Format

Send to

Choose Destination
J Racial Ethn Health Disparities. 2019 Apr;6(2):335-344. doi: 10.1007/s40615-018-0529-3. Epub 2018 Oct 1.

Differences in Injury Characteristics and Outcomes for American Indian/Alaska Native People Hospitalized with Traumatic Injuries: an Analysis of the National Trauma Data Bank.

Author information

1
Department of Rehabilitation Medicine, University of Washington, Seattle, WA, USA. molly.fuentes@seattlechildrens.org.
2
Harborview Injury Prevention and Research Center, Seattle, WA, USA. molly.fuentes@seattlechildrens.org.
3
Center for Child Health Behavior and Development, Seattle Children's Research Institute, Seattle, WA, USA. molly.fuentes@seattlechildrens.org.
4
Harborview Injury Prevention and Research Center, Seattle, WA, USA.
5
School of Social Work, University of Washington, Seattle, WA, USA.
6
Department of Environmental & Occupational Health, Drexel University, Philadelphia, PA, USA.
7
Urban Health Collaborative, Drexel University, Philadelphia, PA, USA.
8
Albuquerque Area Southwest Tribal Epidemiology Center, Albuquerque, NM, USA.
9
Department of Anesthesiology and Pain Medicine, University of Washington, Seattle, WA, USA.

Abstract

OBJECTIVE:

This study compares characteristics of American Indian/Alaska Natives (AI/AN) and non-Hispanic Whites (NHW) hospitalized for traumatic injury and examines the effect of race on hospital disposition.

METHODS:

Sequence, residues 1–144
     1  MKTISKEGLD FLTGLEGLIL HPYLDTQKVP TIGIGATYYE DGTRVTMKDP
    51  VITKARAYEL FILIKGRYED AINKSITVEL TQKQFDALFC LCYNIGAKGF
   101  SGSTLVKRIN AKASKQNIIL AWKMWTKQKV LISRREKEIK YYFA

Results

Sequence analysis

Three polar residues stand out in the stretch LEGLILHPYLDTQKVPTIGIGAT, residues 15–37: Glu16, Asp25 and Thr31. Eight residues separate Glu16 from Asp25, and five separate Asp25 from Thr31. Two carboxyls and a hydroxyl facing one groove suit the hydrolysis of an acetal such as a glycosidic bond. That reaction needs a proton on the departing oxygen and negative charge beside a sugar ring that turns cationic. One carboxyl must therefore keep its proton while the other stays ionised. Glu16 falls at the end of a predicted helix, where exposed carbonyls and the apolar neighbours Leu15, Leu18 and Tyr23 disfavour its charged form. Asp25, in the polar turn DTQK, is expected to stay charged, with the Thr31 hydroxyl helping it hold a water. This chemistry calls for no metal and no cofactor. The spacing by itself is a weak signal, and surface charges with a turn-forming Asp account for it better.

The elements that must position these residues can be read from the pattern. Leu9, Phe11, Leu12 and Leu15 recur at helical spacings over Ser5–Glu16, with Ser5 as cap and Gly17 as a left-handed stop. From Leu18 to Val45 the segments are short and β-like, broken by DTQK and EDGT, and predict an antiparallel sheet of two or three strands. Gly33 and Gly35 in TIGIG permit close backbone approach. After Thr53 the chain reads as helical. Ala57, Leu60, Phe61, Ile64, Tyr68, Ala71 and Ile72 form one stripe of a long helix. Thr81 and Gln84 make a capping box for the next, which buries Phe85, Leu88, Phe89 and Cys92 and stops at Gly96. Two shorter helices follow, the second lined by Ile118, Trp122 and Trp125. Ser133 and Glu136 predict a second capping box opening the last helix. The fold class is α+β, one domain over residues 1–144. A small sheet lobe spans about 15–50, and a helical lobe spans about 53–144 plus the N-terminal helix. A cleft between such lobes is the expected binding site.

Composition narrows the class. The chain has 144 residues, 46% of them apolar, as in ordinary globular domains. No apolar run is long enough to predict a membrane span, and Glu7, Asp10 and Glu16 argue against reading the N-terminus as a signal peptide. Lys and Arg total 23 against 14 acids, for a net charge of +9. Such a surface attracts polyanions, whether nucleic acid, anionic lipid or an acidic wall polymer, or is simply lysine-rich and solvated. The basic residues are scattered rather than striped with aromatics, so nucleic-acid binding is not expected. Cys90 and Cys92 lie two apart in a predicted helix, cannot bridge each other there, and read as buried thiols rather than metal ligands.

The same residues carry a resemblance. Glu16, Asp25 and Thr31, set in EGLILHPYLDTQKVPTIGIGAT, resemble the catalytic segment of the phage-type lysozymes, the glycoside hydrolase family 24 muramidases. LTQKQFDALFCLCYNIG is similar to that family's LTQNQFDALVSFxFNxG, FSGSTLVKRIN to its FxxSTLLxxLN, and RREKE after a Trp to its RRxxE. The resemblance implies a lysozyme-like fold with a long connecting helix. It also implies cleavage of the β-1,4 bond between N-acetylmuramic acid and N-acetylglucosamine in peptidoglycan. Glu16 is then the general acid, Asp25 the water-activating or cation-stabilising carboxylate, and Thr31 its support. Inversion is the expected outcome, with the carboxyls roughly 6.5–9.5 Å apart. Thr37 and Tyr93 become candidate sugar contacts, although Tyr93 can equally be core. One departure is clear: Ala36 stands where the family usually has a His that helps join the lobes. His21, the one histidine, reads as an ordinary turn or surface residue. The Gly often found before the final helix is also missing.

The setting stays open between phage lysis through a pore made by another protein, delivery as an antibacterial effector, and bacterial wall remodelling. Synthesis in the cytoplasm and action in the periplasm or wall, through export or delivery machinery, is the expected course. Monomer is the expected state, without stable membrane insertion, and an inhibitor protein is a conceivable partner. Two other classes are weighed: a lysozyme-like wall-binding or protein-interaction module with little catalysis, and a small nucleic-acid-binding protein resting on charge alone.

Using 2007-2014 National Trauma Data Bank data, we described differences in demographic and injury characteristics between AI/AN (n = 39,656) and NHWs (n = 3,309,484) hospitalized with traumatic injuries. Multivariable regressions, adjusted for demographic and injury characteristics, compared in-hospital mortality and the risk of discharge to different dispositions (inpatient rehabilitation/long-term care facility, skilled nursing facility, home with home health services) rather than home between AI/AN and NHW patients.

RESULTS:

Compared to NHWs, a higher proportion of AI/ANs were age 19-44 (49% versus 27%) years and hospitalized with assault-related injuries (25% versus 5%). AI/ANs had lower odds of dying than NHWs during hospitalization (adjusted odds ratio (aOR) 0.72, 95% CI 0.63-0.84). However, AI/ANs also had lower odds than NHWs to discharge to locations with additional health services even after controlling for injury severity (inpatient rehabilitation/long-term care facilities aOR 0.79, 95% CI 0.67-0.93; skilled nursing facility aOR 0.70, 95% CI 0.49-0.98; home with home health services aOR 0.62, 95% CI 0.49-0.79).

CONCLUSIONS:

Injury patterns and acute hospitalization outcomes were significantly different for AI/ANs compared to NHWs. Injury prevention strategies targeting AI/ANs should reflect these differential injury patterns. Outcomes such as disability and access to rehabilitation services should be included when considering the burden of injury among AI/AN communities.

KEYWORDS:

Alaska Native; American Indian; Health care disparity; Hospitalization; Rehabilitation; Trauma

PMID:
30276637
PMCID:
PMC6424619
[Available on 2020-04-01]
DOI:
10.1007/s40615-018-0529-3

Supplemental Content

Loading ...
Support Center